From 1 October 2022, Nigeria will introduce a ban on all foreign actors and voiceover artists in advertisements distributed across the country. This measure, which was announced during the fourth week of August by the Advertising Regulatory Council of Nigeria (ARCON), makes the country—home to 200 million people—the first known to enact such a law, which seeks to foster more local involvement in the industry.
For years now, adverts that aired in the former British colony—which gained independence in 1960—have starred white actors and have been narrated by individuals with British accents. For many, this blanket ban on white and other non-Nigerian talents represents a crucial shift in the country’s focus on its entertainment and media industry.
“Ten to 20 years ago if you checked the commercials, I would say they were almost 50/50 in terms of foreign faces and all the voiceovers were British accents,” Steve Babaeko, president of the Association of Advertising Agencies of Nigeria, told the Times.
Nigerian brands would often use foreign faces while international corporations would simply import their global campaigns without making any edits. Although this recent news has managed to make headlines across the world, Babaeko revealed to the publication that this “kind of renaissance” had been years in the making—eight years, to be precise.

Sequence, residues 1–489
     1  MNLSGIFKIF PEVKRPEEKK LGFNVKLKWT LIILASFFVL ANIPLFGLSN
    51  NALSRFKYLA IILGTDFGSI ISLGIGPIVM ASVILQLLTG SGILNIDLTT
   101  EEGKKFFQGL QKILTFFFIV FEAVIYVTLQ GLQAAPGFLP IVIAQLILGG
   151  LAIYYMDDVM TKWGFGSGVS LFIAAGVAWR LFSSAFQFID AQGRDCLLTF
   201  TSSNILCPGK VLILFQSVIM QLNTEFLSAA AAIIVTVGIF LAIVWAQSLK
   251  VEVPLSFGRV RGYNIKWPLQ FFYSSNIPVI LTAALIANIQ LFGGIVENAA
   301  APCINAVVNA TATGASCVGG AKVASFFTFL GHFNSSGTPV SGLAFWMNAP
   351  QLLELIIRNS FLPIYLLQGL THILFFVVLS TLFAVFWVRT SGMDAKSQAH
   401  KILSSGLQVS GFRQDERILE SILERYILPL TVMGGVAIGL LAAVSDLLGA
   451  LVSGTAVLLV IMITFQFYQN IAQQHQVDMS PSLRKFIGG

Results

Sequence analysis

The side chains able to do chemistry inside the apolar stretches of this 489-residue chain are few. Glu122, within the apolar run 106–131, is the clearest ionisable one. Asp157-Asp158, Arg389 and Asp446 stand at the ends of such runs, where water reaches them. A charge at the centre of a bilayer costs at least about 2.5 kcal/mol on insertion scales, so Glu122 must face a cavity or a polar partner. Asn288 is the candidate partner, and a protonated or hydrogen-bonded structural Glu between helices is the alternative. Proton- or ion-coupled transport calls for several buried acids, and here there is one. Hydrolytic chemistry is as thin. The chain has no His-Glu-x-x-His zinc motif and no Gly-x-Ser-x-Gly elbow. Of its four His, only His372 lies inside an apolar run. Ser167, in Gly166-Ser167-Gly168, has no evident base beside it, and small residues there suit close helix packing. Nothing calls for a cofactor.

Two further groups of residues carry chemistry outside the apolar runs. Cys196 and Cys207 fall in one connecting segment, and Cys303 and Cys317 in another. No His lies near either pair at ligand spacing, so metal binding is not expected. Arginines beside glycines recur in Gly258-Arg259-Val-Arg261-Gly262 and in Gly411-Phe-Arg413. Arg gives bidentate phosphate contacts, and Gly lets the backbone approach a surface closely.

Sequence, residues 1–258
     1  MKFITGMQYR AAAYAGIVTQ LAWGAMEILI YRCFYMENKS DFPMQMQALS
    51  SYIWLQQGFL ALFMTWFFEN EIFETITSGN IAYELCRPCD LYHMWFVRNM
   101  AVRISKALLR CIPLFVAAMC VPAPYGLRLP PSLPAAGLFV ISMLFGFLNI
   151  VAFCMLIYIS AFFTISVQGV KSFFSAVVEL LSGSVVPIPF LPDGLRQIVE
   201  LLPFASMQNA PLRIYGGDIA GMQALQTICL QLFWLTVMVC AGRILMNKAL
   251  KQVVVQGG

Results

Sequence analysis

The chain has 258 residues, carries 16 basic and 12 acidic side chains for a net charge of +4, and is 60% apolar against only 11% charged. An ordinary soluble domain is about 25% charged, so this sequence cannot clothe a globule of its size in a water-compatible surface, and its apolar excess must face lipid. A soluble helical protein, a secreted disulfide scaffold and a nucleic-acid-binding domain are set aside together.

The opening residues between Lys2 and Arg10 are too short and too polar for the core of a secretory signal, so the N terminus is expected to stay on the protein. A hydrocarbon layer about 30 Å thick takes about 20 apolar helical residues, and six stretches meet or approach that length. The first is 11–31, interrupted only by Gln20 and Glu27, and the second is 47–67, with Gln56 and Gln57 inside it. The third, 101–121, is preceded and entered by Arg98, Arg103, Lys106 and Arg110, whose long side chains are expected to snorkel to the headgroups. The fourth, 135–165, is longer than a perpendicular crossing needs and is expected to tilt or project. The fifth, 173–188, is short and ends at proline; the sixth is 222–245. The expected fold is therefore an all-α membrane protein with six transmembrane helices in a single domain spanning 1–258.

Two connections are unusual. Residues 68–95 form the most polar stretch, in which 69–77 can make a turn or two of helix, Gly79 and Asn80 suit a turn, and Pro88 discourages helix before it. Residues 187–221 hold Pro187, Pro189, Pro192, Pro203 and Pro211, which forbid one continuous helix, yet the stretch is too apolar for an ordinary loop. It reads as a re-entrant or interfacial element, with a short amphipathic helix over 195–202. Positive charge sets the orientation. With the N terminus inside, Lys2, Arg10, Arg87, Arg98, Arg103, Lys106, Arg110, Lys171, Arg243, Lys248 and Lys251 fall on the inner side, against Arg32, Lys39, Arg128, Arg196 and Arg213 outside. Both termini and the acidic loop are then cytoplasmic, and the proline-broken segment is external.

A “new sense of pride emerging” among Nigeria’s young population, he added, has led to “backlash” against projects that were obviously shot abroad and only featured foreign models.
The ban will also require advertisers to pay 100,000 Naira (just above £200) for every foreign model in a commercial. Hopefully, this will in turn lead to more creative projects being produced in the country and help boost opportunities for local talent.
And it seems to be working so far. As first reported by Dazed, British agency AMV BBDO has already shot an African campaign for Guinness, ‘Black Shines Brightest’, in Lagos with a Nigerian director and local models, reflecting the shift in the nation’s advertising industry.